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How to write a personal statement: Part 1

How to write a personal statement: Part 1

How to write a personal statement: Part 1

The summer sun is creeping behind the clouds, the temperature has dropped and the leaves on the trees are falling down; this could only mean one thing – Autumn has arrived. Now that we are approaching the winter months, your university application should be underway and you should focus on deciding on which university to attend. If you’re worried about how to write a personal statement, take a look at some of our advice below.

What is it?
A personal statement is a piece of writing – usually one to two pages – written by you and is addressed to the university or college you want to study at. It will be a part of your UCAS application, and if you apply independently or not via UCAS, it may be in a form of an email or a part of a question and answer style application.

What is it for?
The personal statement is your opportunity to fight your corner and tell everyone at that university why you want to study there, and why you should be offered a place. It is the chance for you to give life to your application and show a bit of your personality.

What to include?
You should write about what you have enjoyed about your studies so far and why they will help you on the course you’re hoping to take. You can include your interests in the subject, and what your intentions are career-wise, and if this degree will help you.

What not to include?
It isn’t a dating profile or your Facebook page. You don’t have to include your thoughts on the education structure of higher education, or what you hated about taking your A-Levels – and that means your teachers too! Universities don’t want to know that you love cat videos and spend hours a day on YouTube. Universities only want to know about things that are related and connected to them and their degree.

Who can help you?
Your family, friends, teachers and staff at your school/college can help you write your personal statement. Even with the strong circle of guidance, it should be mostly written by you and in your own words. If you get your older brother, who holds a master’s in English Language and Creative Writing to write it, the university will know straight away. You can ask your teachers about your strengths and how to include this in your statement.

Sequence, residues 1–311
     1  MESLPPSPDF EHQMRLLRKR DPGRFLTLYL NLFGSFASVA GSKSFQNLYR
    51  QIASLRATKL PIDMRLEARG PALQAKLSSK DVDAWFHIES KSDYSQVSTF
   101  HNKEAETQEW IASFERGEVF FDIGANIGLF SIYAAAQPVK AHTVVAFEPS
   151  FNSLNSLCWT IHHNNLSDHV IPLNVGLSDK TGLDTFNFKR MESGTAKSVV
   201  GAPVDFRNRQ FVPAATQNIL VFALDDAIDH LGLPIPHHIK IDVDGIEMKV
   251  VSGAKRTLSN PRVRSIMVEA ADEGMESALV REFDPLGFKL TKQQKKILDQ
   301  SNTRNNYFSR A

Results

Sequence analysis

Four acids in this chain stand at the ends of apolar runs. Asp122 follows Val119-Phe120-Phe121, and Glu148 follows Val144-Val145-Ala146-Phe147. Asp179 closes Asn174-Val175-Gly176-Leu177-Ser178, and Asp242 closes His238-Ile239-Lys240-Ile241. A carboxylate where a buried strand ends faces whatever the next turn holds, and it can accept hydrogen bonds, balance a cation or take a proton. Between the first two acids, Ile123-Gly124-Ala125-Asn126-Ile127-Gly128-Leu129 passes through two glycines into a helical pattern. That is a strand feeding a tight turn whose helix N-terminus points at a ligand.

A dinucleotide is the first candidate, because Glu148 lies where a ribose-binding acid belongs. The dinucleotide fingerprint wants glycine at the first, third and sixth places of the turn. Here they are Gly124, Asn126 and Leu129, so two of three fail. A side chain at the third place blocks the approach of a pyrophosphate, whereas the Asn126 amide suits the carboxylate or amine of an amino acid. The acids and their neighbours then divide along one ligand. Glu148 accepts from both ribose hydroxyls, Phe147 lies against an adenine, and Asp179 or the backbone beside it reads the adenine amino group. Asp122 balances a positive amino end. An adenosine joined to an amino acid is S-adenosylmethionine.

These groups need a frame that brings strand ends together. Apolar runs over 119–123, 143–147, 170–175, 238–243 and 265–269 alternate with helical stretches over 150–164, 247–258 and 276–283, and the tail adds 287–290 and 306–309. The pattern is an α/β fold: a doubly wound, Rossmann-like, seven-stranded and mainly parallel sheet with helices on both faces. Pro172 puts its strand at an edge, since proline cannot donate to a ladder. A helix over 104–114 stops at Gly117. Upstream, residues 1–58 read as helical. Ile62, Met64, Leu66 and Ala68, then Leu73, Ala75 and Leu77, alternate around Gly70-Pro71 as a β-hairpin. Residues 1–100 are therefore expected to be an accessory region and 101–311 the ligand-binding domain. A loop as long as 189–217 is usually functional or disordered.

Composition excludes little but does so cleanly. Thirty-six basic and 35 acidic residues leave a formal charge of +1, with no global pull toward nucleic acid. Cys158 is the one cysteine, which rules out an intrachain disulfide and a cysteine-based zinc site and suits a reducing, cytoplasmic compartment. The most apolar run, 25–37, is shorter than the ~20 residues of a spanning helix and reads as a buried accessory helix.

What if you make mistakes?
You should write three drafts of your personal statement. The first one is for you to write it completely on your own without guidance and write about everything you want to include. Afterwards, when you have had others read it, you can alter your mistakes. Even if you send it off with your UCAS application and then think that you made a mistake on it – it’ll be fine. Universities understand the pressure students have when making the big life decision of where to study for a degree.

What will it say about you?
Well, your personal statement will basically say whatever you want it to say about you! It is your freedom and opportunity to show the university the great parts about yourself (Remember that first impressions count), like the volunteer work you complete every summer, that science project you won first prize in or that documentary you directed during your Film Studies A-Level. Pick out your best bits and include them in your statement.

Writing the personal statement can be one of the most difficult parts of the UCAS application, learning how to write a personal statement is not easy! Although, it can be tough, once you get into the swing of the things you’ll realise that it isn’t so bad after all. If you remember, to be honest and to include all of your wonderful qualities and you’ll be fine!

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